But will that impact be enough to actually make a practical difference by reducing the rates opioid use disorder? We’re doubtful, though it’s not because we question The Truth About Opioids campaigners’ intention. Instead, we share many others’ expert opinions that raising awareness about something as life-altering as opioid dependency does not inherently scale to addiction prevention. Awareness, while certainly good and likely necessary, is not sufficient to foster meaningful change.
Why? In our view, it’s a matter of shifting the front-end focus.
Consider that both anti-drug ads and conventional opioid use disorder treatment programs overwhelmingly focus on the consequences of dependency, as well as ways to manage these consequences (rather than ways to prevent them). The causes of dependency are not readily explored and highlighted. These causes, or factors, are often the underlying, highly personal issues that individuals face. Moreover, many of these individuals are already at-risk for dependency in the first place.
As we’ve said before, opioids have a tremendous ability for masking emotional distress, including the long-lasting, psychological, biological, and neurochemical effects of trauma, depression, and anxiety. These factors often tip people environmentally and/or genetically predisposed to addictive behaviors over the edge into full-blown dependency. It is astounding how quickly this can happen and how all demographics are at risk of the dangers of opioids. Furthermore, no demographic is exempt from the emotional costs of living in our high-stress, modern world.
Opioid Use Disorder is Treatable
In other words, society shouldn’t view opioid use disorder as some “abnormal” disease process, but rather a coping strategy. Nonetheless, an ineffective and uncontrollable way to cope that people often use in response to underlying mental and emotional distress.
In this view, the remedy for opioid use goes far beyond shock-and-awe videos. Our nation is hurting for proper funding and government support of mental and behavioral health programs that can assist individuals and provide them with the necessary healing and skills to recover and reclaim their autonomy, productivity, purpose, and joy in their lives. If programs received more funding and more societal support, we would see fewer opioids and other drug addiction cases nationwide.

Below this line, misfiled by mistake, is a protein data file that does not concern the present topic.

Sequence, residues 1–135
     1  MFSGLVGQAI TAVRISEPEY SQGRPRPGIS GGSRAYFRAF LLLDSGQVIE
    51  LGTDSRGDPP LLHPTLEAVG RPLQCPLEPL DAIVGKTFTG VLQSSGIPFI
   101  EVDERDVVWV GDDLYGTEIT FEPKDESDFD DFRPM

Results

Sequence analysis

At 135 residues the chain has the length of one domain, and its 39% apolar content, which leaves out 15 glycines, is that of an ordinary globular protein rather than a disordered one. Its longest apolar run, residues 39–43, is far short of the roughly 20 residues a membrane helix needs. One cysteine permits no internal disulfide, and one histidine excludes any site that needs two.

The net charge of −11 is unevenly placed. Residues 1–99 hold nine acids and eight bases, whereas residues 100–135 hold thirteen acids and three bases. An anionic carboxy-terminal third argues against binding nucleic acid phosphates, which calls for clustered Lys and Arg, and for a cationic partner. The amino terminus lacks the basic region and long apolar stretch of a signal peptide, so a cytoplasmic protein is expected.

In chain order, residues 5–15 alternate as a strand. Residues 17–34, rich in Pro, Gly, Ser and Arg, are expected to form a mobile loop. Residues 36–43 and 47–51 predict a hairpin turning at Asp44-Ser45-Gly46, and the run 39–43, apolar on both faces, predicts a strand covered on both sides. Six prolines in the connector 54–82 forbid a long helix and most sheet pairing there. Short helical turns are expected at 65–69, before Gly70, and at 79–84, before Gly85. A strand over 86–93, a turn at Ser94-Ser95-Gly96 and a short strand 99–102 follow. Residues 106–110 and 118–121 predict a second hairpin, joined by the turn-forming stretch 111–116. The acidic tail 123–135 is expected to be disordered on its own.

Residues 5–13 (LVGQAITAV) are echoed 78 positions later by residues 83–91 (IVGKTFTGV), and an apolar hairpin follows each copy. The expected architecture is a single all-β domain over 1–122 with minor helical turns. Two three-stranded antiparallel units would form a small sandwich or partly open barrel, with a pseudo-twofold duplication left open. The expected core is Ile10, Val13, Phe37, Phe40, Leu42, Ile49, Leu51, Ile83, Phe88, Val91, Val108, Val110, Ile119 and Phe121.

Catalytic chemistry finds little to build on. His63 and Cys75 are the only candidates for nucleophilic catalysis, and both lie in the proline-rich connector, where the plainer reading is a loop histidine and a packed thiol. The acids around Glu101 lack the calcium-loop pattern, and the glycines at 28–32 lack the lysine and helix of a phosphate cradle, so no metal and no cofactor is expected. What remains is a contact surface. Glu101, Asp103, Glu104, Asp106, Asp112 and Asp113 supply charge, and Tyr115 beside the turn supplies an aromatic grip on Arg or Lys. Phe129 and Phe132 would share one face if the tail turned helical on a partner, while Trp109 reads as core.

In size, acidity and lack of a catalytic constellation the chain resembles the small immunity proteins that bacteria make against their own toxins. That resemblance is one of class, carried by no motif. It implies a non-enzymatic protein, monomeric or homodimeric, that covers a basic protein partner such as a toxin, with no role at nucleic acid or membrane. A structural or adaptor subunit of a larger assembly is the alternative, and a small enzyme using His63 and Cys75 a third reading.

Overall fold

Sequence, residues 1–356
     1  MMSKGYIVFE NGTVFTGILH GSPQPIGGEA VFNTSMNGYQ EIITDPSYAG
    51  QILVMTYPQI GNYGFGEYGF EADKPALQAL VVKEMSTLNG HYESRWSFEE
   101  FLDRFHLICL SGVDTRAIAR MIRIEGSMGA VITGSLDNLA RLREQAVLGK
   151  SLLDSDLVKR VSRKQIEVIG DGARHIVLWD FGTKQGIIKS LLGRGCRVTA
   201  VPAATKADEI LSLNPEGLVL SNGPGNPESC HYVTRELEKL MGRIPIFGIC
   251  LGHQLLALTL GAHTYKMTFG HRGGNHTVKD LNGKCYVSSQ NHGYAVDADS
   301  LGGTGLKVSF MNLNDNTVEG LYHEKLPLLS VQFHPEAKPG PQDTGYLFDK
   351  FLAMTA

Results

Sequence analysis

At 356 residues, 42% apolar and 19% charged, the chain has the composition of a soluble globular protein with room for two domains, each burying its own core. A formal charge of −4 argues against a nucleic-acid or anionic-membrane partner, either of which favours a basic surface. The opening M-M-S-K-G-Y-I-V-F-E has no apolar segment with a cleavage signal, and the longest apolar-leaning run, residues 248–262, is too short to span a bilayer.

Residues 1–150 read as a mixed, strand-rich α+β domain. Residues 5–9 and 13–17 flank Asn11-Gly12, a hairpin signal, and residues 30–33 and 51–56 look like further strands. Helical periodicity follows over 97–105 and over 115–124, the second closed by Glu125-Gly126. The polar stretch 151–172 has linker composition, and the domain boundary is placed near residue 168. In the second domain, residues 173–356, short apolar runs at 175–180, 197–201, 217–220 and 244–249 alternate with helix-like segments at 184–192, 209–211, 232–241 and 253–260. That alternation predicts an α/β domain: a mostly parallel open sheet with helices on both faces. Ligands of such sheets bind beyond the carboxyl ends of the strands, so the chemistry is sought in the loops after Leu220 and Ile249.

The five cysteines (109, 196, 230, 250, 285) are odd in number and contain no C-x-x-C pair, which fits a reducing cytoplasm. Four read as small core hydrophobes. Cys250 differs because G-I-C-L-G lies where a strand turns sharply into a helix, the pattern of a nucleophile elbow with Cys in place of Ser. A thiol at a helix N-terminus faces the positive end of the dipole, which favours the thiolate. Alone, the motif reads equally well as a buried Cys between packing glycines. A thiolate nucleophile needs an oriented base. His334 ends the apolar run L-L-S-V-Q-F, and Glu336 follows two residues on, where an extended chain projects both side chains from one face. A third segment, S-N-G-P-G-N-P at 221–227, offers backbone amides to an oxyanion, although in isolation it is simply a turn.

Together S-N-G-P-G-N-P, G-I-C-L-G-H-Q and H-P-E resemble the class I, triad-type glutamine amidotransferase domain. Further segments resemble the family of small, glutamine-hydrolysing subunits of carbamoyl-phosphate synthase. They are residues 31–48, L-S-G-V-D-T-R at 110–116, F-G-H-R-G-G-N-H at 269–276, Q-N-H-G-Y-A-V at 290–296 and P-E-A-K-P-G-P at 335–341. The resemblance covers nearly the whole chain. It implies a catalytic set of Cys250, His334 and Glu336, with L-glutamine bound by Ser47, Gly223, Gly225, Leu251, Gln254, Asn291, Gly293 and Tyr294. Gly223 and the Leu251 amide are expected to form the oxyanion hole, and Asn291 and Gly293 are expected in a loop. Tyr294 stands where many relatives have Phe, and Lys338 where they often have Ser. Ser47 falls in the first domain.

It is far time we remove our blinders surrounding this issue. The link between substance use disorder and mental illness is well-corroborated by evidence. It’s known that drug use is often an ill-advised attempt to self-medicate and mitigate mental and emotional problems. Then, it follows that tackling substance use disorders without at the same time or even preferentially tackling mental health disorders is bound to fall short.
Deterring our younger generations against opioids – and the risk of a subsequent opioid use disorder is no doubt an important step in the charge against America’s opioid epidemic. But showing young audiences the sobering realities of chemical dependency isn’t enough to avoid the dire consequences of opioid misuse.
At the Waismann Method® Opioid Treatment Center, our goal is to bridge the gap between opioid use, behavioral reality, and the emotional, mental, and spiritual underbellies of addiction. Thanks to our effective medically assisted opioid use treatment, patients can quickly and safely detox from opioids. Therefore, they are better physically and mentally prepared to do the real work of recovery. Individual mental health counseling and healing is the first step to win the opioid crisis.
To learn more about rapid detox and other medical opiate treatment options, contact Waismann Method® staff today at (800) 423-2482.